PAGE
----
The laws of trading technology: Patents define the field

April 1, 2015 12:00 PM

In the past 40 years, many trading-related patents were granted. In retrospect, they probably should not have been; though a select few were based on reason and sound application of the law. In an effort to expand our understanding of the current state of technology-based patents, let’s explore two that I helped develop.

In 1988, I worked for a company called Travelsoft. The owner of that company co-invented patent No. 4,931,932 (“Computerized System with Means to Automatically Clear and Sell Wait-Listed Customer Reservations”). We then co-founded Promise Land Technologies. At this time, I was granted patent No. 5,241,620 (“Embedding Neural Networks into Spreadsheet Applications”).

Today, both of these patents are expired, but offer two good examples of  how interpretation of patent rules has changed today. In 1988-1993, many patent lawyers advocated that software patents are process patents: If the computer was not used for the process before, and you figured out how to do it on a computer, then what you established could be patented. Now, many of these patents have been overturned.

One famous patent decision was the Alice Decision, in which the Supreme Court nullified a process patent. This precedent has allowed for the overturning of numerous patents since then. On Sept. 21, 2014, The Wall Street Journal reported: “The high court’s unanimous opinion, written by Justice Clarence Thomas, said that for a software patent to be valid, it must describe more than an old idea, such as escrow, simply applied to a computer.”

Nevertheless, too many bad patents have been granted by the examiners, and early patents were granted under the false belief that a computer performing a public-domain task was patentable. The court’s view is now correct, but it will take a long time to fix years of bad policy.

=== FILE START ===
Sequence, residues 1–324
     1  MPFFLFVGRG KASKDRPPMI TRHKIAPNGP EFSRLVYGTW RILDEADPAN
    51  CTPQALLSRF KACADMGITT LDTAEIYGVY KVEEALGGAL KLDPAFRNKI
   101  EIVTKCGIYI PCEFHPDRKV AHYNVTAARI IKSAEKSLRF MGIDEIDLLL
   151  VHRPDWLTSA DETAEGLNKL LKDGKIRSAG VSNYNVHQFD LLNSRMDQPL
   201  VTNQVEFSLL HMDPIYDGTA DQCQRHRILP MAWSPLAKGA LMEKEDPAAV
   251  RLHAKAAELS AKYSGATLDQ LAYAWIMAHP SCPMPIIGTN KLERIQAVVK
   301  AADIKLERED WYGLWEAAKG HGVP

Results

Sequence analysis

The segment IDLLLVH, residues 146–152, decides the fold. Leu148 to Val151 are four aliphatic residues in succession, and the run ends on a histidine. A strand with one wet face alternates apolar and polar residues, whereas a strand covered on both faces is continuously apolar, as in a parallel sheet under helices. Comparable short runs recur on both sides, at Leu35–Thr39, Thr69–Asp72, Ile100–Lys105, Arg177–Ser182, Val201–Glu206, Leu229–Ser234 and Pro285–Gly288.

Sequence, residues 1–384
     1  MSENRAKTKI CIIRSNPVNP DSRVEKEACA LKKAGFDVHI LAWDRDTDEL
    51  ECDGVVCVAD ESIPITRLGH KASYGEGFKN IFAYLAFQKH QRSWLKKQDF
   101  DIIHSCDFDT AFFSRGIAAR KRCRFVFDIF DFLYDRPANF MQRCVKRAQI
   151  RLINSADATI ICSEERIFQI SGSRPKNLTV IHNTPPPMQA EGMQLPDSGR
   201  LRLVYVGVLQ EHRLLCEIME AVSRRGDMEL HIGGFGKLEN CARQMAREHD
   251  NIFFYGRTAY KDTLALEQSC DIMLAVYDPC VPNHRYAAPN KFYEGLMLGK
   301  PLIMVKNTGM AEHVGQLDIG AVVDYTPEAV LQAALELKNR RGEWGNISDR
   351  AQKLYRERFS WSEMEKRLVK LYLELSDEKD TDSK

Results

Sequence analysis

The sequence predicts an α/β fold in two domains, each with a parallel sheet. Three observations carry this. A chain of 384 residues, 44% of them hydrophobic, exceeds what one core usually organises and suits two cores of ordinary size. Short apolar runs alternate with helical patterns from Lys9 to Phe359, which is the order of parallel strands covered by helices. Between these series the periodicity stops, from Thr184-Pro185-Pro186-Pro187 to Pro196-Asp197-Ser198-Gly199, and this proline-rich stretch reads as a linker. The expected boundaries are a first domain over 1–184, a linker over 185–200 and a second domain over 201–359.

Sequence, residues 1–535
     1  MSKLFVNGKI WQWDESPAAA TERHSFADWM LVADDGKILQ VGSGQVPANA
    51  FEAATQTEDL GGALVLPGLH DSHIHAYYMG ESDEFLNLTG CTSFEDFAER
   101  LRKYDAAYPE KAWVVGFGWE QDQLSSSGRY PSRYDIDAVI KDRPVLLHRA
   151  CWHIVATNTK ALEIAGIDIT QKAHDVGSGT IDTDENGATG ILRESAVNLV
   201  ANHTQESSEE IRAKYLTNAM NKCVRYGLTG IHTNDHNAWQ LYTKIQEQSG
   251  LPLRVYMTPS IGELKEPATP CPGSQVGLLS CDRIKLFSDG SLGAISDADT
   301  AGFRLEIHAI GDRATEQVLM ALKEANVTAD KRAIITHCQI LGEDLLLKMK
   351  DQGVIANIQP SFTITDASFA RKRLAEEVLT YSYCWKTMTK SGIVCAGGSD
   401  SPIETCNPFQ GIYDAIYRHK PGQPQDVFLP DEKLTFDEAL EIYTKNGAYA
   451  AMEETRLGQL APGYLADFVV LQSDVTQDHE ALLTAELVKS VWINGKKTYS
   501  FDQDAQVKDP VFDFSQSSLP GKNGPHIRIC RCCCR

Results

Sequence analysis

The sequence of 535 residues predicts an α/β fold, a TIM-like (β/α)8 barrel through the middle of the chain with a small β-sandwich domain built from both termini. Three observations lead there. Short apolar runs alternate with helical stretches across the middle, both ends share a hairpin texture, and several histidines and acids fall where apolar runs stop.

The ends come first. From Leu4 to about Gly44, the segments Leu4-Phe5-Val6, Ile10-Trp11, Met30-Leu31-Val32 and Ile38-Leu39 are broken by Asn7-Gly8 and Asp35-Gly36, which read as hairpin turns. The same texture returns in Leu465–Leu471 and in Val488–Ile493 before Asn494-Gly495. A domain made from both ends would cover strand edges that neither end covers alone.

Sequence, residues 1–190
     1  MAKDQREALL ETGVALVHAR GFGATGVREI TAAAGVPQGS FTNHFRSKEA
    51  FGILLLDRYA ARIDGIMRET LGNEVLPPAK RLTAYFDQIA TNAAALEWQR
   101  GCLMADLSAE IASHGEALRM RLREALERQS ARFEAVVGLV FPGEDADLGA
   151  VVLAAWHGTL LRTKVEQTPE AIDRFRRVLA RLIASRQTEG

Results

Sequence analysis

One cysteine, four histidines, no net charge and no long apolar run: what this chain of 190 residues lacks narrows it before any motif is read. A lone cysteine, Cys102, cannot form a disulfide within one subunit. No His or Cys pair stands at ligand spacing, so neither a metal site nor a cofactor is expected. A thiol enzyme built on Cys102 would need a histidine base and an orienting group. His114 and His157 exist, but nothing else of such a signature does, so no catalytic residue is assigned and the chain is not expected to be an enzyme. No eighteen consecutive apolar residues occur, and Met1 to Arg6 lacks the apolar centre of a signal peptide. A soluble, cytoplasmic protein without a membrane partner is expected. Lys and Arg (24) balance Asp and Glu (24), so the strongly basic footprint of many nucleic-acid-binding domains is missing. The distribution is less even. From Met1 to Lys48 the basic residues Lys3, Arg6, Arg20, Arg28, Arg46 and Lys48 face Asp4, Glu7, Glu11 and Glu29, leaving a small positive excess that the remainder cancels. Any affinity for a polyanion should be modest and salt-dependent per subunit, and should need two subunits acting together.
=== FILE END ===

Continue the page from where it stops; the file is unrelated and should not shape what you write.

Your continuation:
Tale of two patents

The TravelSoft patent, which was licensed under the name FlightClear to American Express during the late 1980s, is an example of a patent that may not be granted today. It required domain expertise in booking flights, but not advanced thought processes, which may include natural language processing and face recognition. Advanced thought processes include certain data transformations or things that a computer can’t inherently do on its own, but a human can. 

In the case of FlightClear, the patent booked a flight within a given time frame from various airlines. It then searched for a cheaper fare for that flight. If one was found, the computer would cancel the old flight and book the cheaper one. This was done over dial-up connections for airline reservations. In these days, this was a novel concept: passengers almost always booked through travel agents, who were paid 10% of the fare. The FlightClear process mimicked an agent using his or her terminal and searching for cheaper fares, over and over again.

This patent cited many different travel-related patents, which were granted then because the innovators had to invent new computer technology. Many of these airline reservation patents were good patents because they required new concepts, algorithms and technology to make them work; they weren’t simply re-purposing existing processes. 

In the case of FlightClear, there was nothing unique about the way the technology searched. It just worked harder than a single agent could. A staff of agents working 24/7 could have done the same thing. Clearly, there was value in the product from a business resources standpoint, but that alone does not make it patentable.

Now consider the neural network spreadsheet patent, granted in 1993. From 
the abstract: 

“The method comprises providing an application program in which information is stored in rows and columns or a database containing fields and records and embedding a neural network in the application program or database using the stored information. The embedding step includes allocating unused memory in the application program and creating both a neural network engine and an application interface structure from the unused memory. Once the neural network engine and an application interface structure have been created, the neural network may be trained using variable numerical and symbolic data stored within the application program.”

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About the Author

Murray A. Ruggiero Jr. is the author of "Cybernetic Trading Strategies" (Wiley). E-mail him at